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Dr. Sc.

Ilya G. Shenderovich


Research topics

   Main scientific interest: Hydrogen bond and proton transfer:

H-bond is a specific interaction involving two (in some cases three) electronegative atoms and a proton.  A moderate strength (up to 200 kJ/mol, that is intermediate between the covalent and van der Waals interactions) and the directionality  are the main features of H-bond responsible for a variety of phenomena in physics, chemistry and biology.  Among these phenomena are boiling and melting points of water, structure of ice, hydrophobic/hydrophilic interactions, proton transfer, molecular recognition and enzymatic catalysis.

Fundamental aspects of H-bond in condensed matter:

Understanding geometry of intramolecular and intermolecular H-bonds and proton transfer in model systems is a mandatory step before getting success in application relevant cases.  In collaboration with our colleagues we combine advantages of different spectroscopic and quantum mechanical methods to go ahead.

H-bond networks:

H-bond networks are of great importance for all kinds of polymers.  Although amorphous, polymers possess a short-range order and often contain local crystallinity.  The local structure and overall mechanical properties, water content and proton conducting are affected by H-bond networks in polymers.  H-bond networks in active sites of enzymes define the catalytic activity.  Depending on specific problem we use either isotopically enriched polymers or probe-molecules. 

Towards NMR of nanostructures:

Morphology and chemical reactivity of nanostructures are a challenge to study.  We care studying high-ordered silica based porous materials of SBA and MCM type.  In contrast to polymers, these materials are short-range disordered but possess a long-range order.  The surface reactivity, the dynamics of adsorbed molecules and the local structure are the key problems we are interesting in.

Isotopically enriched species and materials:

Synthesis of problem-oriented isotopically enriched probe-molecules and materials does more than just save money.  It helps us to ask and answer new questions.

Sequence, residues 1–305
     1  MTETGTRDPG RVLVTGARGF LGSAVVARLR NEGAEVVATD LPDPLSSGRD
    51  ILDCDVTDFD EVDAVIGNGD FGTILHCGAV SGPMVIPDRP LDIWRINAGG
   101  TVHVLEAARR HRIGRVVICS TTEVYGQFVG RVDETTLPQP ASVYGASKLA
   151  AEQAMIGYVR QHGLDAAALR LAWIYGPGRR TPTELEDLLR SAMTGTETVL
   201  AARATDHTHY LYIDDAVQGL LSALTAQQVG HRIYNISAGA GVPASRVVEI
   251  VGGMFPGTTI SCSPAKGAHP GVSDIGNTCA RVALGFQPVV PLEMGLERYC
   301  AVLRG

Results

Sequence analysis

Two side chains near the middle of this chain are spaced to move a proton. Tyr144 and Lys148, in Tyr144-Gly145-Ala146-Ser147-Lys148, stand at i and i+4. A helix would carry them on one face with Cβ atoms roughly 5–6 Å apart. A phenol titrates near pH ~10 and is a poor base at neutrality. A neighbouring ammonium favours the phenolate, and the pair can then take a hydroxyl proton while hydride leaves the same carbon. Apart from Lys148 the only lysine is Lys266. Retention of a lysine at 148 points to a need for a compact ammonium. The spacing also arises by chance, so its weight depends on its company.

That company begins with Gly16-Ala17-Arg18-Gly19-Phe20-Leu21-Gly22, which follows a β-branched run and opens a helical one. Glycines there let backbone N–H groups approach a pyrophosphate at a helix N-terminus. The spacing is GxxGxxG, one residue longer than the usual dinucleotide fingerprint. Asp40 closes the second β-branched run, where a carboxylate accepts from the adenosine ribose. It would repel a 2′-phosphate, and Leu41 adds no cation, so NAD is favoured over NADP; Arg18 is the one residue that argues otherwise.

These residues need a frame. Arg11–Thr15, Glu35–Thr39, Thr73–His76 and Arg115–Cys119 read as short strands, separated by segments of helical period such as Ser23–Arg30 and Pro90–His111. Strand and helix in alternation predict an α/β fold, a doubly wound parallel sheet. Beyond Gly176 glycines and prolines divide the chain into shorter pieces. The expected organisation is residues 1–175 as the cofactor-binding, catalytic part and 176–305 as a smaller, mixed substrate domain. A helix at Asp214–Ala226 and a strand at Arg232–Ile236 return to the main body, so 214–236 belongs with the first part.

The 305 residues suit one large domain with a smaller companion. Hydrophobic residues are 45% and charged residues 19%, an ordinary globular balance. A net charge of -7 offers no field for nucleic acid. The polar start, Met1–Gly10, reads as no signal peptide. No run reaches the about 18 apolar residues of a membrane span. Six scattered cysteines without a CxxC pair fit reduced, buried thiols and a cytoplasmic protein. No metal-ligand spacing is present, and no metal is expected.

Specific scientific interests:

   “Isolated” H-bonded clusters in condensed matter

In the simplest case one deals with a few H-bonds forming an “isolated” cluster.  Varying the medium, counterion and using H/D isotope substitution one describes the H-bonds and their mutual interactions in details.

   H-bond networks in polymers

If medium effect on geometry of an “isolated” cluster is known, one uses the cluster as a probe to inspect H-bond networks in complex systems.  The short-order structure and proton transfer are the main research problems.

   Functional H-bonds in the active sites of enzymes

Isotopically enriched NMR-sensors are used to study the catalytic mechanisms of enzymes.

   H-bond on a solid surface

Surface chemistry is often affected by surface hydroxyl groups.  The potential chemical reactivity of these groups, their density and distribution are of the main interest. These data provide information about the local surface structure and the bulk structure.

   Encapsulation of polymers into mesopores

Inspired by prospects of engineering novel materials for bio- and nanotechnology using the immobilization of polymers, and proteins on solid surfaces, we propose a strategy intended to facilitate the application of NMR for the analysis of host-guest interactions in such systems at the molecular level. In order to overcome the major weakness of NMR – its intrinsically low sensitivity as compared to many other analytical techniques – we are aiming to elaborate two independent, complementary approaches consisted in doping of either the guest or the host with NMR-sensors sensitive to noncovalent interactions.


   Main research methods:

   NMR in liquefied gases down to 100 K

CDF3/CDClF2 mixture remains liquid down to 100 K.  Water precipitates from the mixture at 170 K leaving a perfectly aprotic solvent suitable to study “isolated” H-bonded clusters.  The dielectric constant of the mixture increases from 20 to 40 upon cooling from 170 K to 100 K.  That makes possible to simulate the medium effect on the H-bond structure.

   Temperature variable NMR in the solid state

Whether X-ray or NMR suits more to elucidate the structure of crystals is a debatable question.  For amorphous materials NMR is out of competition. 1H  and  15N  NMR under magic angle spinning and static conditions are employed to inspect H-bonds in crystalline and amorphous solids. 

   Qualitative analysis using DFT methods

One can hardly overestimate advantages provided by quantum mechanical methods for studying molecular interactions.  One can easily overestimate the validity and precision of the obtained results.